Geoffrey Thorpe, a buccaneer, is hired by Queen Elizabeth I to nag the Spanish Armada. The Armada is waiting for the attack on England and Thorpe surprises them with attacks on their galleons where he shows his skills on the sword.
Geoffrey Thorpe (Errol Flynn) is an adventurous and dashing pirate, who feels that he should pirate the Spanish ships for the good of England. In one such battle, he overtakes a Spanish ship, and when he comes aboard, he finds Doña Maria (Brenda Marshall), a beautiful Spanish royal. He is overwhelmed by her beauty, but she will have nothing to do with him because of his pirating ways (which include taking her prized jewels). To show his noble side, he suprises her by returning the jewels, and she begins to fall for him. When the ship reaches England, Queen Elizabeth I (Dame Flora Robson) is outraged at the actions of Thorpe and demands that he quit pirating. Because he cannot do this, Thorpe is sent on a mission, and in the process, becomes a prisoner of the Spaniards. Meanwhile, Doña Maria pines for Thorpe, and when he escapes, he returns to England to uncover some deadly secrets. Exciting duels follow as Thorpe must expose the evil and win Doña Maria's heart.Written by
Julie Sherman <email@example.com>
By this point, Errol Flynn was the studio's top male star, bringing in more at the box-office than any others on the roster, but he felt that he was not given the same deferential treatment as some of his colleagues. Flynn always felt ill-treated by the studio and was at frequent loggerheads with Jack L. Warner, who ran the West Coast operation. Warner, in turn, was tired of the constant problems he had with his star. Attempting to scare him into line, the studio screentested contract player Dennis Morgan for the role, but it was never really going to be anyone else's movie but Flynn's - and he knew it. See more »
Just before the Albatross engages with the Spanish ambassador's ship, one of Thorpe's men says "We're sucking the wind out of the Spaniard's sails." In order to employ such a tactic, one ship must be directly upwind of the other. Then the wind does not reach the downwind ship because it was "sucked up" by the upwind ship. The positions of the two ships do not at all support that tactic. See more »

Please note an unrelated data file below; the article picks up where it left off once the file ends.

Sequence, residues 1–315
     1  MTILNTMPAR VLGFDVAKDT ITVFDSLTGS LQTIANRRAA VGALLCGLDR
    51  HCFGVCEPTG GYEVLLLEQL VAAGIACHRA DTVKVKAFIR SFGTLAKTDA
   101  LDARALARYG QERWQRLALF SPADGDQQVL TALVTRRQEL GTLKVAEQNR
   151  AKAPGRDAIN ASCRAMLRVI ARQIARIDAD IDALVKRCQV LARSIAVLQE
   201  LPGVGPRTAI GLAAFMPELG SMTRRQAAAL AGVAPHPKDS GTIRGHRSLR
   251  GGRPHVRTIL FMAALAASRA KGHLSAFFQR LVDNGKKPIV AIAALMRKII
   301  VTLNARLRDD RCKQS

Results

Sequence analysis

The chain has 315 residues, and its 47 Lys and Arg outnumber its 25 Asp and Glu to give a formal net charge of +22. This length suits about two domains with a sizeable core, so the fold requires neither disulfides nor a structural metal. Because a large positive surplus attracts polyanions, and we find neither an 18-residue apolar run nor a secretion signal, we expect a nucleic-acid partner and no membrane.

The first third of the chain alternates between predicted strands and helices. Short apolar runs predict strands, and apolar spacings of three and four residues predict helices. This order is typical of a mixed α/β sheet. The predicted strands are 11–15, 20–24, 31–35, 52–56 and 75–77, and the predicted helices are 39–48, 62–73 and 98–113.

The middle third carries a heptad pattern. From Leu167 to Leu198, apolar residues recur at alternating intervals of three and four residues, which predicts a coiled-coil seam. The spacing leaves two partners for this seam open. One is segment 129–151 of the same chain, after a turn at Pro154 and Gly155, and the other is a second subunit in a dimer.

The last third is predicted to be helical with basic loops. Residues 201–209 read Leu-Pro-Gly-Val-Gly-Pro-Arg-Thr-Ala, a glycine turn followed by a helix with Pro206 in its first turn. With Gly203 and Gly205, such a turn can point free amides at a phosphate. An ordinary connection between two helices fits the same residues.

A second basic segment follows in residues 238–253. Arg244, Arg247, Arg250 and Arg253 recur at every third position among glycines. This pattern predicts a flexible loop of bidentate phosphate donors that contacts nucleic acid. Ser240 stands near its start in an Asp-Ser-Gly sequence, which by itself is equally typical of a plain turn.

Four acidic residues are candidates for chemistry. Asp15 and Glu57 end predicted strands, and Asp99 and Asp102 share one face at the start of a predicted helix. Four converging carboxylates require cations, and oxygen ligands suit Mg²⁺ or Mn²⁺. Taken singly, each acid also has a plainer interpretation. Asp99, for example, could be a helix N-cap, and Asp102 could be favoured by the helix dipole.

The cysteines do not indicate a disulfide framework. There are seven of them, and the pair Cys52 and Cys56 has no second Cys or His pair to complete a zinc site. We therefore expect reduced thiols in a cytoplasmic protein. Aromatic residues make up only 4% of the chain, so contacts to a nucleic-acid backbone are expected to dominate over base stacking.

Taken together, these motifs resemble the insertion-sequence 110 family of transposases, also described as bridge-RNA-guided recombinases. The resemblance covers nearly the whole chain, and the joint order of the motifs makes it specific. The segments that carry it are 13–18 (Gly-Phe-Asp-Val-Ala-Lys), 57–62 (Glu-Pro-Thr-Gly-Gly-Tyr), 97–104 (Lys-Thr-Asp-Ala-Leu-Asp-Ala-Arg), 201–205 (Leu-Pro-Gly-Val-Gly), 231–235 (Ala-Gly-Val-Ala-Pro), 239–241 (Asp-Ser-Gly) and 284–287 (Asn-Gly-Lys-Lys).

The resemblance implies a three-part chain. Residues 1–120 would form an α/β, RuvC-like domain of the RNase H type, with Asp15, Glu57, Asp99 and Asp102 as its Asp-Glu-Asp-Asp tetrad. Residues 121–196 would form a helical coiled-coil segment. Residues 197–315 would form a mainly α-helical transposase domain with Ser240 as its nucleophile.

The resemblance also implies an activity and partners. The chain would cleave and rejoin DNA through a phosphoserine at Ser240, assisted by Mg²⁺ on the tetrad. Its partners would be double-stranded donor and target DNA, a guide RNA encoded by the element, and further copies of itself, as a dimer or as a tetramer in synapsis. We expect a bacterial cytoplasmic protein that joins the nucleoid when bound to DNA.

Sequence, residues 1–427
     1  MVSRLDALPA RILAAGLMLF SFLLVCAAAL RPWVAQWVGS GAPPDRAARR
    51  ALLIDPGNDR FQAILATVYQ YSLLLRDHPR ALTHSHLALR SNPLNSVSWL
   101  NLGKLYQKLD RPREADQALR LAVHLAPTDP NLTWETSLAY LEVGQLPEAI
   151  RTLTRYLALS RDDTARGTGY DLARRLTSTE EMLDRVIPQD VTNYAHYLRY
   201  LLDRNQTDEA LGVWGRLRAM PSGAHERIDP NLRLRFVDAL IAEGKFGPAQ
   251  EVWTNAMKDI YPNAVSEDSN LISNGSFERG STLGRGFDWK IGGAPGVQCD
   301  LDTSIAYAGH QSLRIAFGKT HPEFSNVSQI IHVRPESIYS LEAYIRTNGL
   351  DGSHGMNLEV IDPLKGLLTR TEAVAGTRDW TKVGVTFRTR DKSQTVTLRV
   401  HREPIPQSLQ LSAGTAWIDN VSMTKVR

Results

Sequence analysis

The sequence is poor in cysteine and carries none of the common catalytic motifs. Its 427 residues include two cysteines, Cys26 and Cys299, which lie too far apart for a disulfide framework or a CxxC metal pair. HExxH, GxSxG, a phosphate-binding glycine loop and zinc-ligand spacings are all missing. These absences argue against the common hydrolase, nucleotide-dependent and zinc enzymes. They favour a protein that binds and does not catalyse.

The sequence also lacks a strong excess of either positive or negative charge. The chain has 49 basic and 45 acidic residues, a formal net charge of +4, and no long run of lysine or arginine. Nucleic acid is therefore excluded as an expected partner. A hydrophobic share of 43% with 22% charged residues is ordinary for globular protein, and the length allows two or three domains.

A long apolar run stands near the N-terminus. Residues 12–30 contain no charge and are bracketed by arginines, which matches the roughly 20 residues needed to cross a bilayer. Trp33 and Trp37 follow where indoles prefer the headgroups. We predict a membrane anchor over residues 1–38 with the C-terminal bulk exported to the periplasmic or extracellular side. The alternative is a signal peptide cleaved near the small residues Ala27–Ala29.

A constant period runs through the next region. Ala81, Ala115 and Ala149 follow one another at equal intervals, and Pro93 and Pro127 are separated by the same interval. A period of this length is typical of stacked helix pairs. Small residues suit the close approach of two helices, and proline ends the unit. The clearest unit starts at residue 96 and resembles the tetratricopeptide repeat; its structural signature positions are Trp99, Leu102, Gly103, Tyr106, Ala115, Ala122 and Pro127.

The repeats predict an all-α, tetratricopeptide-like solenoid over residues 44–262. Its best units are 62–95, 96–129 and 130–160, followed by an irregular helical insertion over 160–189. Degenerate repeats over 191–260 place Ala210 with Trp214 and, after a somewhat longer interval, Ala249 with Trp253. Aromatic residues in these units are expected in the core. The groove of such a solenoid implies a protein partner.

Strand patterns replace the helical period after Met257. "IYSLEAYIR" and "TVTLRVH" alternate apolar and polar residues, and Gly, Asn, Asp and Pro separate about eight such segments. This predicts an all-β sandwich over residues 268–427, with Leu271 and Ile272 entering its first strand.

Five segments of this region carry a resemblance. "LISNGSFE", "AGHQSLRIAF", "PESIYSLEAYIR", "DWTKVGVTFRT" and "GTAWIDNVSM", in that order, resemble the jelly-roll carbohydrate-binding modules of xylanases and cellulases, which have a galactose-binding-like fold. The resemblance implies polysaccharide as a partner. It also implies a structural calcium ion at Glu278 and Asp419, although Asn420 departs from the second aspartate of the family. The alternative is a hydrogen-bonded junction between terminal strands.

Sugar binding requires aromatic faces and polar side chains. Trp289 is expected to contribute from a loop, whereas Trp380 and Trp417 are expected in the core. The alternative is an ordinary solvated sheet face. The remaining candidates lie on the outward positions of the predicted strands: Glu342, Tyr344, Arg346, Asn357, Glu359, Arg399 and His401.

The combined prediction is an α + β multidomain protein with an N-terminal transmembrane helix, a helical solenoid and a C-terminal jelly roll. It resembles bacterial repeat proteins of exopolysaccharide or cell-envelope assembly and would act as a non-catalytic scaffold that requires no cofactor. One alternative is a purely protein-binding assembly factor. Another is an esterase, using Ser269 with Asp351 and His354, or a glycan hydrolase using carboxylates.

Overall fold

King Philip II:
The riches of the New World are limitless, and the New World is ours - with our ships carrying the Spanish flag on seven seas, our armies sweeping over Africa, the Near East, and the Far West; invincible everywhere... but on our own doorstep. Only northern Europe holds out against us; why? Tell me, why?
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The British version, available on video, includes an additional scene at the very end of the film, featuring an uplifting wartime speech from Queen Elizabeth. See more »
While among the finest of Hollywood's swashbuckling classic films, the fine performances of its stars are still eclipsed by the rousing musical score of Erich Korngold. His music is timeless and an outstanding example of Hollywood's least appreciated contributors- the composers of film music. The art of film scoring, matching each scene with just the right music, has never received the recognition and accolades it truly deserves. The contributions of Korngold, Alfred Newman, Victor Young, John Barry, Henry Mancini, Maurice Jarre, John Williams and countless others are incalculable to the success of the films they scored. When Dorothy Hamill won her Gold Medal for Ladies Figure Skating at the Winter Olympics, she skated to music from "The Sea Hawk." Korngold's classic score was still fresh and stirring decades later.
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